A research team led by Laura Matzen at Sandia National Laboratories in Albuqurque, NM has demonstrated that it is possible to predict how well people will remember information by monitoring their brain activity while studying. Matzen’s team monitored test volunteers with electroencephalography (EEG) sensors to make accurate predictions. Why bother making a prediction if the result will show how well someone remembered the information anyways? Matzen brought up this example, ”if you had someone learning new material and you were recording the EEG, you might be able to tell them, ‘You’re going to forget this, you should study this again,’ or tell them, ‘OK, you got it and go on to the next thing.” Essentially providing a real-time performance metric, the applications of which many students would appreciate. More
For many feminists, this effort to better understand female sexuality can be a means of empowerment, and it is not surprising that neuroscience research has branched into this area. Many people, rightfully so, believe that to understand our body and mind we must also understand the mechanisms of behavior in the brain. Yet due to its complexity, much of neuroscience research gets misinterpreted, reduced, or even generalized when written about for the public sphere.
Naomi Wolf’s Vagina: A New Biography, attempts to explain female sexuality by pulling from both subjective accounts and neuroscience to support her arguments. But what exactly does neuroscience research have to contribute to our knowledge of female sexuality? Although Wolf’s attempt at writing such a boldly stated book is admirable, it fell short, especially in terms of the science. Wolf misinterprets the roles of dopamine, oxytocin and serotonin in the brain and how they could plausibly influence a female’s romantic relationships.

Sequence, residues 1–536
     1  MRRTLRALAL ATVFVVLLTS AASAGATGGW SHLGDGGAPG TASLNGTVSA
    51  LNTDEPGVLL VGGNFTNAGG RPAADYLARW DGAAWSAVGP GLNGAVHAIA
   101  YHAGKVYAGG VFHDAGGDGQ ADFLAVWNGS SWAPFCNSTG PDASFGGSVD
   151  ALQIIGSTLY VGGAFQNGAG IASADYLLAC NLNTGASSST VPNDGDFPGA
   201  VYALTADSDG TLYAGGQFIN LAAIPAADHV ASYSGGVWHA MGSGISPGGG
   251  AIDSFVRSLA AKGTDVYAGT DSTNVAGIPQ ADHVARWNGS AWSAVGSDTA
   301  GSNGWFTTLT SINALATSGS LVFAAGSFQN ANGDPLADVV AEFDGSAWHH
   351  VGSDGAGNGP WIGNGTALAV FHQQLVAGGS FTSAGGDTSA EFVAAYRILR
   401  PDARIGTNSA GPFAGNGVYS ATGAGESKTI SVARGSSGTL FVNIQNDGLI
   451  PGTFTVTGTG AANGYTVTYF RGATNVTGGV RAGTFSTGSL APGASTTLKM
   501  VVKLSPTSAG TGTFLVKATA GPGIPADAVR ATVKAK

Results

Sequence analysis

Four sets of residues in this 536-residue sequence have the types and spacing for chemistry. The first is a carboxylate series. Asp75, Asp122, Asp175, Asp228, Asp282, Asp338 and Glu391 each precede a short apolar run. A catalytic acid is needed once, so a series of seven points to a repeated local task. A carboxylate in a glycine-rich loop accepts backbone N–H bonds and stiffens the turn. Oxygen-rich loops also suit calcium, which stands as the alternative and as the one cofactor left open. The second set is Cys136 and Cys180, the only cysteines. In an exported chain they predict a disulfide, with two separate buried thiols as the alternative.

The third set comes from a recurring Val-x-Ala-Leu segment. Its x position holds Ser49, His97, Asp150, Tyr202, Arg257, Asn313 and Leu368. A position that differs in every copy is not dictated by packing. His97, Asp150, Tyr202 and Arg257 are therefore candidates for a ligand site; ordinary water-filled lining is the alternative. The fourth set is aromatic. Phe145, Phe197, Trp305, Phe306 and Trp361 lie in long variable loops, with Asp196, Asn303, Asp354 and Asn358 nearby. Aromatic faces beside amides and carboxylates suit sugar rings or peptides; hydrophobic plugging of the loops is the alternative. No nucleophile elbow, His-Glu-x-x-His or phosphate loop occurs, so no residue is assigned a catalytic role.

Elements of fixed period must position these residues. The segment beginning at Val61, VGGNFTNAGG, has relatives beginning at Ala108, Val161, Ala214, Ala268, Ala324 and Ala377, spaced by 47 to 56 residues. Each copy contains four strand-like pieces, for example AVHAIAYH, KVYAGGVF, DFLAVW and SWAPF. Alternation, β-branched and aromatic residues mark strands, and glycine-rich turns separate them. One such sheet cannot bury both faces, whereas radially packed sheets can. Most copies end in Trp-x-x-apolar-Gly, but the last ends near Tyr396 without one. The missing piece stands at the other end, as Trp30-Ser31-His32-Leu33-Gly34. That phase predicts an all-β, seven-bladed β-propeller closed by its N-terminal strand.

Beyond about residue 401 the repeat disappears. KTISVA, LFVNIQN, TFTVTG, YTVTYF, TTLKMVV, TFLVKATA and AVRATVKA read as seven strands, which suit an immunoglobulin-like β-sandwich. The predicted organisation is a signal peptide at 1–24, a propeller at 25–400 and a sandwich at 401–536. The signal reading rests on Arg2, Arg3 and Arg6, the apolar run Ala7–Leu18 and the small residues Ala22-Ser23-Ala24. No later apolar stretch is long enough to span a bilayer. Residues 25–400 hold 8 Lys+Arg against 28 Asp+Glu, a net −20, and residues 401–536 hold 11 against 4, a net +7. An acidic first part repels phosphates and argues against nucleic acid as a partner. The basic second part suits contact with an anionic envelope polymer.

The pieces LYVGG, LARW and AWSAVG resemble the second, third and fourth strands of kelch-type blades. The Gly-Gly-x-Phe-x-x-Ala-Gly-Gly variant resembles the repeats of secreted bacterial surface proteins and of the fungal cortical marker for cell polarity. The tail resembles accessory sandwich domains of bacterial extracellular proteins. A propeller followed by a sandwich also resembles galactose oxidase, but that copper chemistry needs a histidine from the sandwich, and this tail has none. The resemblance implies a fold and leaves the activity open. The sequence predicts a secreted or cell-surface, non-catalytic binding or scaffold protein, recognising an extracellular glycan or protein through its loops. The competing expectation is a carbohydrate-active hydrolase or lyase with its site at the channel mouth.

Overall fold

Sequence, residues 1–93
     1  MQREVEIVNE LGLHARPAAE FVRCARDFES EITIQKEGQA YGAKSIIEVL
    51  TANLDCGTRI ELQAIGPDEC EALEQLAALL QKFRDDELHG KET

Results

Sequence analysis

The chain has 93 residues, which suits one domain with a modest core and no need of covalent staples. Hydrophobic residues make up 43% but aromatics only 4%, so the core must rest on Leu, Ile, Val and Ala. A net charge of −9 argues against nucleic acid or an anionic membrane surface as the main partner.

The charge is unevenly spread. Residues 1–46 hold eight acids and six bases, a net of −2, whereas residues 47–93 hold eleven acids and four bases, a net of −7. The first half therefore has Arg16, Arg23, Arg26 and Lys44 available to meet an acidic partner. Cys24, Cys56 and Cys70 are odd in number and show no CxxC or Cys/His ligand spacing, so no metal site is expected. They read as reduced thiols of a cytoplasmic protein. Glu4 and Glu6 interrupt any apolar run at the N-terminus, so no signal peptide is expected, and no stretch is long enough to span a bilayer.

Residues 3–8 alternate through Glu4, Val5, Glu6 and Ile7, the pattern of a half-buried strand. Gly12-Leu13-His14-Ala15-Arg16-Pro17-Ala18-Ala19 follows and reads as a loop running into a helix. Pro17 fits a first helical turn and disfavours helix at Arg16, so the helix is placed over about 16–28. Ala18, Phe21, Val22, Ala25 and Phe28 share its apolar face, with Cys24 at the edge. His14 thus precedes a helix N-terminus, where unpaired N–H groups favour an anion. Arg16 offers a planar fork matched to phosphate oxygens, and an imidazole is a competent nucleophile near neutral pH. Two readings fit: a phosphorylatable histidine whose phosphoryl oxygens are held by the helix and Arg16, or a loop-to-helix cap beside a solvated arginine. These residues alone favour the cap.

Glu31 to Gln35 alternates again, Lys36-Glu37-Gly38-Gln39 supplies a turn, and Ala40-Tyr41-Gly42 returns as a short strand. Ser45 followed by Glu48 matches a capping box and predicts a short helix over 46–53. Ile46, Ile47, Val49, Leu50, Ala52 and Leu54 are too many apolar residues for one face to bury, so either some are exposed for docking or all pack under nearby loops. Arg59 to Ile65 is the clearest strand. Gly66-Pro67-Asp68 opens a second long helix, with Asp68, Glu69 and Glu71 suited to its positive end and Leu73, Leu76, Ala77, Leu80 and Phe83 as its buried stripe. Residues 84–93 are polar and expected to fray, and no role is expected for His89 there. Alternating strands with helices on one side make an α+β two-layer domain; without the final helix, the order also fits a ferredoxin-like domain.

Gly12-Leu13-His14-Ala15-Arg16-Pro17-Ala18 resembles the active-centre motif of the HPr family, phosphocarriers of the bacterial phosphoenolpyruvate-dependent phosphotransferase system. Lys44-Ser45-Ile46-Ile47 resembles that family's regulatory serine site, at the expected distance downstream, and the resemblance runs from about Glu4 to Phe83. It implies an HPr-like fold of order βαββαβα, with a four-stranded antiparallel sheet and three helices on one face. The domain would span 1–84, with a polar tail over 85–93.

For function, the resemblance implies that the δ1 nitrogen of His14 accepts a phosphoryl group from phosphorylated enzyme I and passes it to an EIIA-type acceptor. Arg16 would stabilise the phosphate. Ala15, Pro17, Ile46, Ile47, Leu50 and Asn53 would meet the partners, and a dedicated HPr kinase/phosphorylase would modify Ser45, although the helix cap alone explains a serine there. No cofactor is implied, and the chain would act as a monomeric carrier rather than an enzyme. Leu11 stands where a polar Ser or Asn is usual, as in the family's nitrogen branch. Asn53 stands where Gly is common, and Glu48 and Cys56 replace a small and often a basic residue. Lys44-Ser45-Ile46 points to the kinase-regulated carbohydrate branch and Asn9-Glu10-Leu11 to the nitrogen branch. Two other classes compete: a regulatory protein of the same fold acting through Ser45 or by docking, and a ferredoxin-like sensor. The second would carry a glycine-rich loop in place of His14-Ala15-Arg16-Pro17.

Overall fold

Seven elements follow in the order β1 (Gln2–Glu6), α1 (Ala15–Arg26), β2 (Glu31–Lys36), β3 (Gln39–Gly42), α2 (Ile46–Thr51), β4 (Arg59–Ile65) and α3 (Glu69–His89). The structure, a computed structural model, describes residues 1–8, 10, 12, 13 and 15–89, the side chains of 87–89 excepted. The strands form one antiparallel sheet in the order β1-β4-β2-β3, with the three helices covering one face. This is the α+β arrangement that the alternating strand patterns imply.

As Maia Szalavits so eloquently wrote:
“The kind of oversimplification seen in Wolf’s book and, sadly, in many other popular accounts of neuroscience, threatens to perpetuate a psychological myth. Rather than illuminating the complex interplay between mind and body, it portrays human beings — especially women — as automatons, enslaved by brain chemicals we cannot control.”
So what does neuroscience have to say about female sexuality? At last year’s Society for Neuroscience Conference in Washington D.C., a 3D movie was presented of the brain during a female orgasm. Barry Komisaruk, a professor of psychology at Rutgers University, used fMRI (functional magnetic resonance imaging) to map brain activity in several women. The women were required to masturbate to an orgasm in the fMRI machine. (fMRI results are brain images reflecting activation in specific areas, and these areas are said to be lit up.) More